[show abstract][hide abstract] ABSTRACT: Traffic from the ER to Golgi complex is initiated when the activated form of the GTPase Sar1p recruits the Sec23p/Sec24p complex to ER membranes. The Sec23p/Sec24p complex, which forms the inner shell of the COPII coat, sorts cargo into ER-derived vesicles. The coat inner shell recruits the Sec13p/Sec31p complex, leading to coat polymerization and vesicle budding. Recent studies have revealed that the Sec23p subunit sequentially interacts with three different binding partners to direct a COPII vesicle to the Golgi. One of these binding partners is the serine/threonine kinase Hrr25p. Hrr25p phosphorylates the COPII coat, driving the membrane-bound pool into the cytosol. The phosphorylated coat cannot rebind to the ER to initiate a new round of vesicle budding unless it is dephosphorylated. Here we screened all the known protein phosphatases in yeast to identify one whose loss of function alters the cellular distribution of COPII coat subunits. This screen identified the PP2A-like phosphatase Sit4p as a regulator of COPII coat dephosphorylation. Hyperphosphorylated coat subunits accumulate in the sit4Δ mutant in vivo. In vitro, Sit4p dephosphorylates COPII coat subunits. Consistent with a role in coat recycling, Sit4p and its mammalian ortholog, PP6, regulate traffic from the ER to the Golgi complex.
Molecular biology of the cell 07/2013; · 5.98 Impact Factor
[show abstract][hide abstract] ABSTRACT: Poliovirus (PV) requires membranes of the host cell's secretory pathway to generate replication complexes (RCs) for viral RNA synthesis. Recent work identified the intermediate compartment and the Golgi apparatus as the precursors of the replication "organelles" of PV (N. Y. Hsu et al., Cell 141:799-811, 2010). In this study, we examined the effect of PV on COPII vesicles, the secretory cargo carriers that bud from the endoplasmic reticulum and homotypically fuse to form the intermediate compartment that matures into the Golgi apparatus. We found that infection by PV results in a biphasic change in functional COPII vesicle biogenesis in cells, with an early enhancement and subsequent inhibition. Concomitant with the early increase in COPII vesicle formation, we found an increase in the membrane fraction of Sec16A, a key regulator of COPII vesicle formation. We suggest that the early burst in COPII vesicle formation detected benefits PV by increasing the precursor pool required for the formation of its RCs.
Journal of Virology 06/2012; 86(18):9675-82. · 5.08 Impact Factor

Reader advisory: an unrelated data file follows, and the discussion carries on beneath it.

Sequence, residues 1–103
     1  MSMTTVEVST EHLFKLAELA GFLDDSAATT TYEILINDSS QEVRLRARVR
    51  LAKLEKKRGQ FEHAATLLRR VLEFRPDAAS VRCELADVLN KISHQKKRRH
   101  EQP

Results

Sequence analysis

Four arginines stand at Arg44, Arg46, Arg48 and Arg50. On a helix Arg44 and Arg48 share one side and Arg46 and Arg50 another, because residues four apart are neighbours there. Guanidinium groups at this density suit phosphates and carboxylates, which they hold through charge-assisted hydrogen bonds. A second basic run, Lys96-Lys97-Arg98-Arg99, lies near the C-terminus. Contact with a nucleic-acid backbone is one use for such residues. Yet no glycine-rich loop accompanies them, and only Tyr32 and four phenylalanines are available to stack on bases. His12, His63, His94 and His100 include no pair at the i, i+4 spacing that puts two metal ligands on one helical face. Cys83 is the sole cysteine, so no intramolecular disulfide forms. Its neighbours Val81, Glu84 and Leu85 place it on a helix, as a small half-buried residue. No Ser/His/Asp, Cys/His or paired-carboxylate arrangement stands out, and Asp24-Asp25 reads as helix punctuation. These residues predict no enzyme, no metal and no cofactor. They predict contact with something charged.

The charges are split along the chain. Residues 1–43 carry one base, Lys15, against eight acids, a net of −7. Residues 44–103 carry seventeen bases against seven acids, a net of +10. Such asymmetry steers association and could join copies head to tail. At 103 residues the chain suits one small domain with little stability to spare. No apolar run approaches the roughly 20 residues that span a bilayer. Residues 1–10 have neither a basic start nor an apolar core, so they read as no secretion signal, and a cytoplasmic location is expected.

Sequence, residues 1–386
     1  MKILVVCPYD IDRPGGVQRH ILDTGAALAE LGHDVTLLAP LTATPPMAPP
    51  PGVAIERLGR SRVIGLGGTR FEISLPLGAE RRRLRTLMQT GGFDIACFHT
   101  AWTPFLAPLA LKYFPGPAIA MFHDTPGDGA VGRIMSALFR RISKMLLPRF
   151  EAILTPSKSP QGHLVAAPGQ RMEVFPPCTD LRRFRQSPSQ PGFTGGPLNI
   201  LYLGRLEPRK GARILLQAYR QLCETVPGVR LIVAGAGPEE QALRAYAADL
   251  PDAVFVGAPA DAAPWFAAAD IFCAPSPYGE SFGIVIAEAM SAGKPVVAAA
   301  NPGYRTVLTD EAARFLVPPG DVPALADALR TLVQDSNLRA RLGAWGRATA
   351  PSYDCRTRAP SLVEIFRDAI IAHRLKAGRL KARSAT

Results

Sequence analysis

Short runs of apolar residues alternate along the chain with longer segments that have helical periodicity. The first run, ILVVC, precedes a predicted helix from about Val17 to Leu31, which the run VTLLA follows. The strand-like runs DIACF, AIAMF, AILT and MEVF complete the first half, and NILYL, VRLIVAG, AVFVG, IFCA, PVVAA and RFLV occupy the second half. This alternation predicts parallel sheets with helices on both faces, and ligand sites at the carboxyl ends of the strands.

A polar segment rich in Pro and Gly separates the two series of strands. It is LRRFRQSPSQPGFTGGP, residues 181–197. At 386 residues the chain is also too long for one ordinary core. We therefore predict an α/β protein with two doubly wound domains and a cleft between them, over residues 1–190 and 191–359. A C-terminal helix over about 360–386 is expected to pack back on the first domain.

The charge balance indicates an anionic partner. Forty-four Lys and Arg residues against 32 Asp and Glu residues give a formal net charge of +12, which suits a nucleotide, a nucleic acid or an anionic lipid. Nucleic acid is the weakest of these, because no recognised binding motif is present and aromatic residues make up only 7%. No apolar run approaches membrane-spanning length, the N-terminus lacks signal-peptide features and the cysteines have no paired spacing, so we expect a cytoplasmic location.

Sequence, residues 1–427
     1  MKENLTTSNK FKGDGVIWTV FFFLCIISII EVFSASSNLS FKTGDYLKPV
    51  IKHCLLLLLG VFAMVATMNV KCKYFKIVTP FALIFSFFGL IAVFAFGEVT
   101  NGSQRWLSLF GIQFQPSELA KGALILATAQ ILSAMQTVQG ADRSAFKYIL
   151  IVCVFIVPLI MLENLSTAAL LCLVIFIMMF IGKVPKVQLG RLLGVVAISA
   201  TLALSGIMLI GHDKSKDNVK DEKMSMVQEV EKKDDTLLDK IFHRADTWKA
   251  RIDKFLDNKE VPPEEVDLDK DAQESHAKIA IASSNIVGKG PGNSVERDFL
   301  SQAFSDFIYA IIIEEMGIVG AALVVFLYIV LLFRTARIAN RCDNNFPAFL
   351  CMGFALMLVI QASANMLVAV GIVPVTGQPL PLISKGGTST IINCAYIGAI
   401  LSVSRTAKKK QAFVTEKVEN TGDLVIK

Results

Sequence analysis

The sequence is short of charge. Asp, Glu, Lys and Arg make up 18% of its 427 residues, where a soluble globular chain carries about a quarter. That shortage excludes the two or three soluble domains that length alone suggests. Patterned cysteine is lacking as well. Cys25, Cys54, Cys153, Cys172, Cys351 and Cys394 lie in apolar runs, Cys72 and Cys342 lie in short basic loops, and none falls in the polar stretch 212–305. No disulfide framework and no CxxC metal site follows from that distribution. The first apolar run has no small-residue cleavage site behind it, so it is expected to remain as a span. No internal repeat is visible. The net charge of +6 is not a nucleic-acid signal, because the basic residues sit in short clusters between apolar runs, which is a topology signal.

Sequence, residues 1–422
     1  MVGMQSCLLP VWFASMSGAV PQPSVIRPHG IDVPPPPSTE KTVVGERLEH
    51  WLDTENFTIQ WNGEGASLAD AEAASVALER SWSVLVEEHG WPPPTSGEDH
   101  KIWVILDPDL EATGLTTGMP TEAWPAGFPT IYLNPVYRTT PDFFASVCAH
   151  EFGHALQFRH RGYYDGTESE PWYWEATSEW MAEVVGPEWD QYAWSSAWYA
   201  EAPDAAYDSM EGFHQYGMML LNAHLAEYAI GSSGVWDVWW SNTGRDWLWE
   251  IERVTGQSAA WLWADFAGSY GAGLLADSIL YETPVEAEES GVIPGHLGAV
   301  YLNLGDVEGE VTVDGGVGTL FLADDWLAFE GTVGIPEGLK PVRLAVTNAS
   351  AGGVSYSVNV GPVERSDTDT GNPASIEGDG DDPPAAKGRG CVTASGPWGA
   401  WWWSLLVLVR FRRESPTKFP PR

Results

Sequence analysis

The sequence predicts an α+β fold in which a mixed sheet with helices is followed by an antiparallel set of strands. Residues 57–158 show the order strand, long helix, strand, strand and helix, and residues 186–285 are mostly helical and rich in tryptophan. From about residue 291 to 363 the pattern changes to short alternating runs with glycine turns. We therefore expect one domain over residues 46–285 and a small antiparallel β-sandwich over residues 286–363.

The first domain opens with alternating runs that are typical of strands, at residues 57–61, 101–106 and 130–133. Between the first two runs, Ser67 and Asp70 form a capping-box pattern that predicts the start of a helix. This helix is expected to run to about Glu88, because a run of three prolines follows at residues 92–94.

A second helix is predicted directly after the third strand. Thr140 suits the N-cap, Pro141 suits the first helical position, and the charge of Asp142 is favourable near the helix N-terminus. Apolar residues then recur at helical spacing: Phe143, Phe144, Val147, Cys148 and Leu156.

[show abstract][hide abstract] ABSTRACT: The arginine-type soluble N-ethylmaleimide-sensitive factor attachment protein receptor (R-SNARE) ykt6 possesses several atypical properties including selective high expression in neurons, a lipidated C-terminus, localization to punctae that do not correspond with known endomembrane markers, a potent ability to protect the secretory pathway from alpha-synuclein over-expression and specific up-regulation in tumors. We have followed up on several of these features that together suggest nontraditional SNARE structures and functions.
A significant portion of ykt6 in PC12 cells was found in a protease-resistant state suggestive of a large complex or aggregate. Other endoplasmic reticulum/Golgi SNAREs were not protease resistant, demonstrating that SNARE complexes per se did not cause protease resistance. Mutagenesis indicated that lipidation of the ykt6 C-terminus was also not involved, implicating its longin domain in particle formation. Immunogold electron microscopy revealed ykt6 labeling of ∼100 nm electron densities associated with diverse membranes. Density gradient analysis of the protease-resistant structures confirmed their tight association with membranes. Since excess ykt6 has been correlated with tumorigenesis, we tested whether ykt6 over-expression in normal rat kidney cells that normally express little ykt6 affected the cell cycle. Ykt6 over-expression was found to result in altered cell division cycles as evidenced by significantly smaller cells, a higher mitotic index and increased DNA synthesis. Mutagenesis studies dis-correlated SNARE function with the cell cycle effects; instead, the cell cycle effects correlated better with ykt6 properties related to the longin domain or particle formation.